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Publication numberUS6876442 B2
Publication typeGrant
Application numberUS 10/078,071
Publication dateApr 5, 2005
Filing dateFeb 13, 2002
Priority dateFeb 13, 2002
Fee statusPaid
Also published asCN1630941A, CN100334703C, DE60304561D1, DE60304561T2, EP1476903A2, EP1476903B1, US20030151733, WO2003069668A2, WO2003069668A3
Publication number078071, 10078071, US 6876442 B2, US 6876442B2, US-B2-6876442, US6876442 B2, US6876442B2
InventorsJean R. Vatus, David K. Carlson, Arkadii V. Samoilov, Lance A. Scudder, Paul B. Comita, Annie A. Karpati
Original AssigneeApplied Materials, Inc.
Export CitationBiBTeX, EndNote, RefMan
External Links: USPTO, USPTO Assignment, Espacenet
Method of calibrating and using a semiconductor processing system
US 6876442 B2
Abstract
A method is provided wherein a temperature reading error of a pyrometer is avoided. An upper pyrometer is used to detect infrared radiation from a test layer formed on a test substrate under standard processing conditions. The infrared radiation from the test layer has a period having a length which is indicative of growth rate of the layer. The period is generally inversely proportional to the growth rate. The growth rate is directly related to the temperature.
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Claims(22)
1. A method, comprising:
measuring a test variable of a test layer formed on a test substrate in a processing chamber;
using the test variable to select a reference process condition in a consolidated data set of reference variables against reference process variables, a location of the reference process condition among the reference process variables depending on a location of the test variable among the reference variables; and
forming a process layer on a process substrate in a processing chamber, a process variable to form the process layer being based on the reference process condition.
2. The method of claim 1, wherein the test variable is indicative of growth rate of the test layer.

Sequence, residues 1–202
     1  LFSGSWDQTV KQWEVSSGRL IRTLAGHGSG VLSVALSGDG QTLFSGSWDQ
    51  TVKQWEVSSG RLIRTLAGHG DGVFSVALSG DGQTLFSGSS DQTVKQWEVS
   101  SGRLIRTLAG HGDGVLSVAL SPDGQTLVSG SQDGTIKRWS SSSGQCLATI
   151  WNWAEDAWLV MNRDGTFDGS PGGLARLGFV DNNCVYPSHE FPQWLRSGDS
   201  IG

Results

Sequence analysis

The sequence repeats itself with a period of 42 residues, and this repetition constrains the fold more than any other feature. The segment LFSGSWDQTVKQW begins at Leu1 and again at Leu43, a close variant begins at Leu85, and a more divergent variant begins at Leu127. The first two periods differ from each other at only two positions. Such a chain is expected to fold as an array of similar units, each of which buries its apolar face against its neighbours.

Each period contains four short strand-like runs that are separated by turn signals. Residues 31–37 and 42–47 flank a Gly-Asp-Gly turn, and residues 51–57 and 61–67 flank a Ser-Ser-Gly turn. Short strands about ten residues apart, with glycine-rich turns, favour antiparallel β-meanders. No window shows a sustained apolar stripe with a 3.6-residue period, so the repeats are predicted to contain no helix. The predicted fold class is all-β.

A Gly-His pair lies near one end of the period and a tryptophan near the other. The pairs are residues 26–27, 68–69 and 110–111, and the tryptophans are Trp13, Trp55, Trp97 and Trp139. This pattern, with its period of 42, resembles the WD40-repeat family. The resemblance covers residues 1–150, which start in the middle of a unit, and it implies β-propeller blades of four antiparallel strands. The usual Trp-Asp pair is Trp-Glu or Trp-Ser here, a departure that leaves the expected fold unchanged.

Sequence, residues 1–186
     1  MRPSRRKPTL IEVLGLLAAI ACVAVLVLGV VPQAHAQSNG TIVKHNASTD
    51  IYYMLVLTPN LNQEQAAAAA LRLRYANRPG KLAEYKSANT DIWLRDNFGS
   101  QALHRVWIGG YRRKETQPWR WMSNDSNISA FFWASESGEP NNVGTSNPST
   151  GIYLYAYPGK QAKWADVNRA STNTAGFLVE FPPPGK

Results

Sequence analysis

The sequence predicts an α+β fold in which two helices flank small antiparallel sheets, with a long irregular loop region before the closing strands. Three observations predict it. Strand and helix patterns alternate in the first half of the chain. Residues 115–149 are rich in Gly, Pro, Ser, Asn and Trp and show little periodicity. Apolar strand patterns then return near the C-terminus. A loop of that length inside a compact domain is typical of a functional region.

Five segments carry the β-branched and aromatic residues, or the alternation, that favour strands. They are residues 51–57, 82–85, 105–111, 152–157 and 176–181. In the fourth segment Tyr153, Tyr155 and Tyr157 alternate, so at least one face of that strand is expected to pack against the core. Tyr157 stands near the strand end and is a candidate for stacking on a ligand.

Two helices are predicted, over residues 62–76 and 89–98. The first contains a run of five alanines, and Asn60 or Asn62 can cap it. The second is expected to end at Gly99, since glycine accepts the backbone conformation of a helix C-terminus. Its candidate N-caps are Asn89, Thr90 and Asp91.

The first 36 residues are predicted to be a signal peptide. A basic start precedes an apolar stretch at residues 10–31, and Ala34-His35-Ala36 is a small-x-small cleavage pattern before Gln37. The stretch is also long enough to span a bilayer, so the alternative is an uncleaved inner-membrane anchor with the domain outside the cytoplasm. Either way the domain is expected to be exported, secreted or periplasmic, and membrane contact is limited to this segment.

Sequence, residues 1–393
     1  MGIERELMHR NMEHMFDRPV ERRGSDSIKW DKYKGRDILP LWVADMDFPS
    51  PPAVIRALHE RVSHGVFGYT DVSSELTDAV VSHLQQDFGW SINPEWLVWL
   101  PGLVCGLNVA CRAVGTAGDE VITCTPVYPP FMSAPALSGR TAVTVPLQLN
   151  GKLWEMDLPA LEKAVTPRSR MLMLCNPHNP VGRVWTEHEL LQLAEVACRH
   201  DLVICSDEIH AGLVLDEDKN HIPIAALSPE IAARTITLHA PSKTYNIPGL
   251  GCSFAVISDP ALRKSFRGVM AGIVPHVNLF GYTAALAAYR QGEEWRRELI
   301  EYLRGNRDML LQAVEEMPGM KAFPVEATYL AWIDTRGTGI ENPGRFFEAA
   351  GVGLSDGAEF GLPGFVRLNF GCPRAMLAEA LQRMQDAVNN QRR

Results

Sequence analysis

3. The method of claim 2, wherein the test variable is indicative of a length of a period of a signal from a pyrometer detecting infrared radiation from the test layer.
4. The method of claim 3, wherein the test variable is a length of a first period of the signal starting when the test layer begins to form.
5. The method of claim 1, wherein the process variable affects heat flux over a surface of the process substrate.
6. The method of claim 5, wherein the process variable is power which is provided to a heater.
7. A computer-implemented method, comprising:
measuring a test variable of a test layer formed on a test substrate in a processing chamber;
using the test variable to select a reference process condition in a consolidated data set of reference variables against reference process variables, a location of the reference process condition among the reference process variables depending on a location of the test variable among the reference variables; and
forming a process layer on a process substrate in a processing chamber, a process variable to form the process layer being based on the reference process condition.
8. The method of claim 7, wherein the process variable is computer-selected.
9. A method, comprising:
setting a heater to create a test heat flux over a test substrate in a substrate processing chamber;
forming a test layer on the surface while the heater creates the test heat flux over the surface of the test substrate;
comparing a test variable indicative of growth rate of the test layer with a reference variable indicative of growth rate of a reference layer when a reference heat flux is created over a surface of a reference substrate;
inserting a process substrate into the processing chamber;
setting the heater to create a process heat flux over a surface of the process substrate, the process heat flux being selected based upon the comparison of the test variable with the reference variable;
forming a process layer on the surface of the process substrate while the heater creates the process heat flux over the surface of the process substrate; and
removing the process substrate from the processing chamber after the process layer is formed.
10. A method comprising:
setting a heater to create a test heat flux over a surface of a test substrate in a processing chamber;
forming a test layer on the surface of the test substrate while the heater creates the test heat flux over the surface of the test substrate;
utilizing a pyrometer to detect infrared radiation from the test layer while the test layer is being formed, the pyrometer generating a signal varying with variations in magnitude of the infrared radiation;
calculating a test value indicative of a length of a period of the signal;
selecting a desired process value from date of different reference process values;
accessing a desired reference value from the date corresponding to the desired process value and differing from reference values corresponding to other ones of the process values;
comparing the test value with the desired reference value;
adjusting the heater based upon said comparison;